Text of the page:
Model UN Body Language: Tactics from Trump and Clinton

by KFC on October 26, 2016

The Washington Post's analysis of the second Presidential debate between Trump and Clinton. Photo from the Washington Post.

The Washington Post’s analysis of the second Presidential debate between Trump and Clinton. Photo from the Washington Post.

Model UN speeches are about more than just the content of the speeches. Delegates needing to be persuaded to support your ideas and Chairs evaluating for awards also look at your delivery and style. This includes body language — how your stance, gestures, and other physical movements impact your speech.

It’s possible that many Model UN delegates subconsciously pick up body language cues from the politicians they see on television. And in an U.S. Presidential election year, many Model UN participants are watching Presidential candidates Donald Trump and Hillary Clinton closely.

The Washington Post is obviously watching them closely, too, and they’ve done a few great pieces analyzing their body language from the debates here, here, and here. The second debate, which was done in a more intimate town hall style, was particularly analyzed as candidates did not have a podium or lectern to stand behind the entire time.

Although the proceedings of Model UN are not like a presidential debate, there are some opportunities to use Trump’s or Clinton’s tactics, particularly during Author’s Panel or when answering Questions or Points of Information as a speaker. Here are a few of those tactics:

1. Establishing Dominance on the Stage 

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Trump paces around the stage to establish a presence. Photo from the Washington Post.

In the second debate, Trump circled around the stage and loomed behind Clinton while she was speaking in order to establish an alpha-male dominance over his territory.

In Model UN, if you are on stage and listening to an opposing question from the audience, you could slowly and deliberately pace around the stage to draw attention to you and away from the delegate who is asking the question. It also subconsciously tells the one who’s asking the question that you as the speaker don’t care to show full attention to their question and that your pacing demonstrates confidence in answering the question. Given that it could be perceived as slightly undiplomatic by others, make sure to use this tactic only when answering a question from a known opponent to your resolution.

2. Walking Toward a Potential Vote

Clinton walks toward the voter who asked the question. Photo from the Washington Post.

Clinton walks toward the voter who asked the question. Photo from the Washington Post.

In the second debate, Clinton walked toward a voter who asked a question about Obamacare in order to show empathy and care toward the voter’s question.

In Model UN, after a question is asked, you could walk slowly and in a non-intimidating way toward the one who asked the question in order to get the committee to focus their attention between you and that delegate. It shows the delegate that you heard the question and can relate to them. Given the attempt to build a connection, use this tactic for more friendly questions and those that genuinely seek to understand your resolution. Adding “thanks for the question” or “that’s a good point” while walking over can reinforce this friendly tactic.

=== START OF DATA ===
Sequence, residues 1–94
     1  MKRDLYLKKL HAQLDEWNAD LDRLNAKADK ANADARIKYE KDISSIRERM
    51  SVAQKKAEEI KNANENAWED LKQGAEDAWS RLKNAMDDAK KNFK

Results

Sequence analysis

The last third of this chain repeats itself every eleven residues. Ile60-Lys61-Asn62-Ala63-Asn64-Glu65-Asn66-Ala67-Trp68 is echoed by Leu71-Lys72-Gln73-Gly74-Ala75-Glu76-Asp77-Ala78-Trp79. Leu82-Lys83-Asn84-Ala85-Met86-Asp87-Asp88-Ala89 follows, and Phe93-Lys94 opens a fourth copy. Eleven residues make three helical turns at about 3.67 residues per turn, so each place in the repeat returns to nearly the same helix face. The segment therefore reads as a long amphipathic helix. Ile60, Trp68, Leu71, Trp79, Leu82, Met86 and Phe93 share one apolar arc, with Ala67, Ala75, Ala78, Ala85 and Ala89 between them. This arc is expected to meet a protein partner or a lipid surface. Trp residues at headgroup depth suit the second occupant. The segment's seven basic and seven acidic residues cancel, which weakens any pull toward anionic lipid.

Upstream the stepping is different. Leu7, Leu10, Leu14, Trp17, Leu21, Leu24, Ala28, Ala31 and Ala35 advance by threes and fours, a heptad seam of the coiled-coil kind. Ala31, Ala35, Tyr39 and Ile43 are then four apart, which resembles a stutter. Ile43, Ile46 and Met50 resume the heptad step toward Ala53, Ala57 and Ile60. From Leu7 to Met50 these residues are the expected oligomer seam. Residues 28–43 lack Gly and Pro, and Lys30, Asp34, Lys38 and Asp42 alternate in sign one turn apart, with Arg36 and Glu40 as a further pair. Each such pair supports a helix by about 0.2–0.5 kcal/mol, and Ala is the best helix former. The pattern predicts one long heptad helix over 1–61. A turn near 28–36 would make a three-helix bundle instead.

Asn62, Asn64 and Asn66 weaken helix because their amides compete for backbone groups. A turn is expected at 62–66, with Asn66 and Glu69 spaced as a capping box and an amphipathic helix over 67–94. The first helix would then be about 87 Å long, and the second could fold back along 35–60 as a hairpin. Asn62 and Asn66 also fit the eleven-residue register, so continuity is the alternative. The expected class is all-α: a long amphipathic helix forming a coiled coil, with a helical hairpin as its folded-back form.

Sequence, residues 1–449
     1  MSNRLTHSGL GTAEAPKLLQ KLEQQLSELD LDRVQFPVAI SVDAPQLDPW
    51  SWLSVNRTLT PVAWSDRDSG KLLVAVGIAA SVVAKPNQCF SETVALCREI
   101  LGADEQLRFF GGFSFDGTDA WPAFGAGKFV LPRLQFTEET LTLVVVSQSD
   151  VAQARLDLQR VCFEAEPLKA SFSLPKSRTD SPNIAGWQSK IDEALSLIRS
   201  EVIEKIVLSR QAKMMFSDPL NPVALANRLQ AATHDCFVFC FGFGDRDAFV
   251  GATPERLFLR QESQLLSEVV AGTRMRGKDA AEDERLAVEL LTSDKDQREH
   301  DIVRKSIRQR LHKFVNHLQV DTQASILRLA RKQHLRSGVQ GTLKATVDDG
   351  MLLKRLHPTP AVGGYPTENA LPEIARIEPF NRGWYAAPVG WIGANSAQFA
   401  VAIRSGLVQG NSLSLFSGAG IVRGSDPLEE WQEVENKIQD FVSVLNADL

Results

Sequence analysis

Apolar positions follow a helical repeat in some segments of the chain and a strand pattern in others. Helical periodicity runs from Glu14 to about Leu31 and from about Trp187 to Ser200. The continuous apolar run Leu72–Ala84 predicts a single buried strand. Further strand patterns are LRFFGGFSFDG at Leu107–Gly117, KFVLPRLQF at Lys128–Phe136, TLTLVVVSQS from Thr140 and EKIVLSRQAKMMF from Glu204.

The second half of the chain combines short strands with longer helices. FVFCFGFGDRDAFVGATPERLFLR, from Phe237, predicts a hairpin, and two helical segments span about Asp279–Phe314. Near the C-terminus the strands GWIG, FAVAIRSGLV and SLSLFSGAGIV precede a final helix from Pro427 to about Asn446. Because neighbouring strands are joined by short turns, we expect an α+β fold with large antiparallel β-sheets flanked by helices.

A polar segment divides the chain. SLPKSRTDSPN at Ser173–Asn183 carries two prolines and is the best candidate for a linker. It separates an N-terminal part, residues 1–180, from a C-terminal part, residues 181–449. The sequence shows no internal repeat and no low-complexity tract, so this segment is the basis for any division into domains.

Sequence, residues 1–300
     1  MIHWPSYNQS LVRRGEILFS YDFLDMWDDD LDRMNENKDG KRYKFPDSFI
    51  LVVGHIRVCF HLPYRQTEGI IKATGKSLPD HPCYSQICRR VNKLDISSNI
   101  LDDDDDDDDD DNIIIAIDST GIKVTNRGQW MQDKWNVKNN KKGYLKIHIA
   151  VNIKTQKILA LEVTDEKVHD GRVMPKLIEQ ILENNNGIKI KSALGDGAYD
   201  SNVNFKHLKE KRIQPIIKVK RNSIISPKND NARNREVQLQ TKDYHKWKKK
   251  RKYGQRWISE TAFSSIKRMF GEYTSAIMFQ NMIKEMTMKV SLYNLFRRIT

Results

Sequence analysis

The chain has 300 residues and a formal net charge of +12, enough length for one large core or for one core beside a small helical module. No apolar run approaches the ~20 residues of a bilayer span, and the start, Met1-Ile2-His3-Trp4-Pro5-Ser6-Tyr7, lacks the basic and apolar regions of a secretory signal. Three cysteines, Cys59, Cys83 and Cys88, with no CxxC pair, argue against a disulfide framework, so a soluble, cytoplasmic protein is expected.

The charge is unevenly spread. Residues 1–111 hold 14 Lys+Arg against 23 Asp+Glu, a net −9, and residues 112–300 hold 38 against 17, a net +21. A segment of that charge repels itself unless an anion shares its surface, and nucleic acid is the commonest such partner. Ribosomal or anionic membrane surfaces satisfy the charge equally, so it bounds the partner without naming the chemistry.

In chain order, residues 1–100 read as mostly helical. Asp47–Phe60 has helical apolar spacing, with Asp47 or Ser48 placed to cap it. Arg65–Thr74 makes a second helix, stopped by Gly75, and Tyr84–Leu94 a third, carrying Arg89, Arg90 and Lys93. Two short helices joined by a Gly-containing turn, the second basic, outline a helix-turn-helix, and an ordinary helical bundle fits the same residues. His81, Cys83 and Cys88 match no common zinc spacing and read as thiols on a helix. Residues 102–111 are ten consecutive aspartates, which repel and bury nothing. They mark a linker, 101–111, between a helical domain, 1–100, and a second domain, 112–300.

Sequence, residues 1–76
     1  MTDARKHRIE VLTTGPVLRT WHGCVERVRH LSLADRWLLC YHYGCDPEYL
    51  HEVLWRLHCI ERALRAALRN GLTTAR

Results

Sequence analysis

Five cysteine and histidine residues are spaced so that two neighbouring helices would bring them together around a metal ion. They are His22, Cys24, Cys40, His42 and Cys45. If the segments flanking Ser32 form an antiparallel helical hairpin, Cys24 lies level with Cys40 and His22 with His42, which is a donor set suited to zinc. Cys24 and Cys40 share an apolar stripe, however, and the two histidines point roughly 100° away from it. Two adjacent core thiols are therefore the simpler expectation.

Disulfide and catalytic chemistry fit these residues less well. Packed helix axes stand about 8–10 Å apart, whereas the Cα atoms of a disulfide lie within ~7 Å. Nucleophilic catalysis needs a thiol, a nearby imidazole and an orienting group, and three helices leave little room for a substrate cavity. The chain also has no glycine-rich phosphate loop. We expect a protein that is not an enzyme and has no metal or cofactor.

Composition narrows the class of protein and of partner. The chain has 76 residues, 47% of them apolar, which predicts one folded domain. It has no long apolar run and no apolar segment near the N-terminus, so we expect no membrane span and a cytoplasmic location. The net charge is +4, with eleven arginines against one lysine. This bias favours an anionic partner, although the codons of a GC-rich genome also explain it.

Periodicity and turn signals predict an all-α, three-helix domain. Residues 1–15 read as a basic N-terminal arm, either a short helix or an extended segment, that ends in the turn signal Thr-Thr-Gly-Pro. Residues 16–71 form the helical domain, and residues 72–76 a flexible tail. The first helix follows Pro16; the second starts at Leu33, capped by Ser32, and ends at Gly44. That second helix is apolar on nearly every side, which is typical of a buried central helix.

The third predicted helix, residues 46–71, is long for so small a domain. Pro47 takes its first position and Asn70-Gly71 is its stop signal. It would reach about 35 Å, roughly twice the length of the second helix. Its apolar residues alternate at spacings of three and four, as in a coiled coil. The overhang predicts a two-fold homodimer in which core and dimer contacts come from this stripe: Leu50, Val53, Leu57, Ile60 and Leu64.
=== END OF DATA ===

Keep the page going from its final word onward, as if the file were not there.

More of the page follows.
3. Use Hand Gestures to Emphasize a Point 

Clinton's closed point hand gesture. Photo from the Washington Post.

Clinton’s closed point hand gesture. Photo from the Washington Post.

Trump's "ok" hand gesture. Photo from the Washington Post.

Trump’s “ok” hand gesture. Photo from the Washington Post.

Hand gestures are universally used to emphasize a point and to connect with the audience. Clinton and Trump use different hand gestures. Clinton uses a closed point (similar to what Obama uses frequently), while Trump likes to point directly or use an “ok” hand gesture (often with the “ok” hands going from high to low for controlled emphasis).

In Model UN, there are a variety of hand gestures you can use, and it depends what you are comfortable with and if you are trying to use the hand gestures to assert yourself over a challenging question or to welcome potential allies when responding to questions. Here are some common Model UN hand gestures.

4. Smile to Empathize or Smile to Be Dismissive 

Smiles by Trump and Clinton could be used in a dismissive manner.

Smiles by Trump and Clinton could be used in a dismissive manner.

Clinton smiles much more often than Trump. At times, the smile was to build empathy with her supporters because she probably thought what Trump was saying was ridiculous and knows her supporters would think so too. But Clinton is also criticized for sometimes smiling at inappropriate times where her smile becomes dismissive or made her look weaker.

In Model UN, you can smile in several ways. If an ally asks a good question that gives you an opportunity to reinforce your resolution, you could smile during the question and right before answering the question. Adding a “I’m glad you asked” before your answer and at the end of your answer would complete this empathy smile.

If an opposing delegate asks a challenging question, you could smile in two ways to be dismissive of their question. One way is to do more of a smirk like “I knew this was coming” and that you’re ready to launch with an immediate response once they’re done asking. The other is to smile and shake your head in a “no” fashion to show that you already disagree with the notions of their question or you find the premise of their argument to be ridiculous. In either case, stop smiling once you start answering the question to show that the smile was just to establish confidence and that you mean business when answering the question.

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